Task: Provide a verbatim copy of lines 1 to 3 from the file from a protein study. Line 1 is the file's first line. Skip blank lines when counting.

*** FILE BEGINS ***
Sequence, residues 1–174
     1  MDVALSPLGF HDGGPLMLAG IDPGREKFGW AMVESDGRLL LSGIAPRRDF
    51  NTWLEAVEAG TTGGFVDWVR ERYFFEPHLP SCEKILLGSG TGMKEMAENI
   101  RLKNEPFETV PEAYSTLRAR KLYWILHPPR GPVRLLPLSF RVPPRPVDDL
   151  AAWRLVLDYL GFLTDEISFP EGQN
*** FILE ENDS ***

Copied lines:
Sequence, residues 1–174
     1  MDVALSPLGF HDGGPLMLAG IDPGREKFGW AMVESDGRLL LSGIAPRRDF
    51  NTWLEAVEAG TTGGFVDWVR ERYFFEPHLP SCEKILLGSG TGMKEMAENI